The 3-light chancel east window is uncusped, in late Perpendicular style with a square surround, and all from 1890-91 in imitation of the tower openings. The plain, 2-centred chancel arch is probably 14th century; to the south is a contemporary, plain square squint. The chancel has a softwood roof from 1890-91, with tie-beam trusses with king- and princess-posts, and matchboarding. The quarry-tiled floor is from 1891.

The upper quarter of the nave south wall was rebuilt (and heightened?) in 1890-91. The south wall of the nave west bay was rebuilt in the mid-late 18th century as a thicker area of rubble pierced by 2 contemporary semicircular-headed windows with limestone ashlar jambs and voussoirs, and plain imposts.  To the west is a low, square-headed simple light, medieval, 13th century?. The plain south door has a rounded 2-centred head that is probably also 13th century. The west wall carries a large, elaborate double bellcote, probably fundamentally 14th century but much restored in 1890-91. It is gabled, with 2 segmental-headed openings, but preserves the body of an earlier bellcote with 2 semicircular-headed openings, from the 13th century?. The plain west door below also has a semicircular head, probably from the 13th century. The nave is roofed like the chancel, 1890-91. The passages are quarry-tiled as the chancel, with suspended woodblock floors, also from 1890-91.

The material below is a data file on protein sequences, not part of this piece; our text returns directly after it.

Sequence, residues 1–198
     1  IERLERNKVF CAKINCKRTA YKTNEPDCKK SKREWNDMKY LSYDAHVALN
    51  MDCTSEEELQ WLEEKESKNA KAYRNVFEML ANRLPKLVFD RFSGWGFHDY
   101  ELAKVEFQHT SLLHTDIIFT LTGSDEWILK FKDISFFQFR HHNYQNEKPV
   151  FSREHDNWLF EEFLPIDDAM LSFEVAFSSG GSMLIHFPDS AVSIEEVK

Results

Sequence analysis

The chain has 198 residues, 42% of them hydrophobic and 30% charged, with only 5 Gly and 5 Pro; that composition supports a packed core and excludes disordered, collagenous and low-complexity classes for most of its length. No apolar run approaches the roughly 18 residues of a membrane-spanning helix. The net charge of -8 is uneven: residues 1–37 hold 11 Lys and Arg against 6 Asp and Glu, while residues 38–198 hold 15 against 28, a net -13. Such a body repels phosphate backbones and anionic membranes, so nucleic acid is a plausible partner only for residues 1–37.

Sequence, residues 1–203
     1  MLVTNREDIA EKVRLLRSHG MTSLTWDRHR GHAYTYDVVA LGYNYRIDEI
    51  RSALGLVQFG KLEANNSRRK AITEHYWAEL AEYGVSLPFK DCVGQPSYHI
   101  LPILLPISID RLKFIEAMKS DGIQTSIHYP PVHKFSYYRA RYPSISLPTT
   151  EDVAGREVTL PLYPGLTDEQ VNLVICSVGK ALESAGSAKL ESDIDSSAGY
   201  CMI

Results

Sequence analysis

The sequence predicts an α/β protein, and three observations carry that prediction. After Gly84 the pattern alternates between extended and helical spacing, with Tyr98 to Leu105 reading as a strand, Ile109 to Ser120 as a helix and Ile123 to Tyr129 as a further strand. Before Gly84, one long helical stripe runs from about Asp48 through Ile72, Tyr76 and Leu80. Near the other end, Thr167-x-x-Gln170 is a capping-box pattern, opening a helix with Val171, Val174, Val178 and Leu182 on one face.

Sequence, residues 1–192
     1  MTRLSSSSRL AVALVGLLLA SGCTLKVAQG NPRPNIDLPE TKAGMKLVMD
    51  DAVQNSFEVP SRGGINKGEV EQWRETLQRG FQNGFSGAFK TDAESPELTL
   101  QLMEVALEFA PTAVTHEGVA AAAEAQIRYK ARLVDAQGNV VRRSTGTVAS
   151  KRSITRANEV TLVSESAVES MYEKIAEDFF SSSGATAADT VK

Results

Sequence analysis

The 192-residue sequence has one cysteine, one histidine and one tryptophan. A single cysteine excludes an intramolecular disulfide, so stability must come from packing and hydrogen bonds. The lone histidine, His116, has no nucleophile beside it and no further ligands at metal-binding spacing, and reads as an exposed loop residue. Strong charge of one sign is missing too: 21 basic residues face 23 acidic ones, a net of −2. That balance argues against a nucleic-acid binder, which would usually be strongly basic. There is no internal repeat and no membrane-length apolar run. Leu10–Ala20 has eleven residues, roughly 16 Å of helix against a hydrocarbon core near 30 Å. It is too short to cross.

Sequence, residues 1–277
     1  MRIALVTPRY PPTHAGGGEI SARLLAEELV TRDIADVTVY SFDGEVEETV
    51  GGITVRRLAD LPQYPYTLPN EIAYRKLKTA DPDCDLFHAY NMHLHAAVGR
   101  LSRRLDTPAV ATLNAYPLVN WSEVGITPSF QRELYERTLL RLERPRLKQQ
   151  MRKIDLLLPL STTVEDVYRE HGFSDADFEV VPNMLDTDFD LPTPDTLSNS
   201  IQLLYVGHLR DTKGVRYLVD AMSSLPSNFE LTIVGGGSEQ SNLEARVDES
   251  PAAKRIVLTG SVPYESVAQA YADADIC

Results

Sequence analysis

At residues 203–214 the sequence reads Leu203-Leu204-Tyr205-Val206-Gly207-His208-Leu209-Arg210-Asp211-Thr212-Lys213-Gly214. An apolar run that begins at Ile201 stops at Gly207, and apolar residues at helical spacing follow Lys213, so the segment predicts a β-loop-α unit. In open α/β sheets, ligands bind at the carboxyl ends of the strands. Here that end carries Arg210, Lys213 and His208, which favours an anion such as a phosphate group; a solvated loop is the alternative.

The north aisle communicates with the nave and chancel through a 3-bayed arcade of 2-centred arches, on plain, chamfered square piers with chamfered impost offsets, 15th century. The east wall is demonstrably secondary to the chancel and there is a vertical joint between the two; however, the location of the joint suggests that the aisle wall was built against a buttress on the north side of the chancel east end. The 3-light east window is like the chancel east window and similarly from 1890-91, with surrounding infill; there are 2 similar windows in the north wall, of which the upper quarter is from 1890-91, like the nave. The aisle is roofed like the nave and chancel, 1890-91. The passage was flagged in 1890-91, possibly re-using earlier flags; the floors are woodblock as the nave, from 1890-91.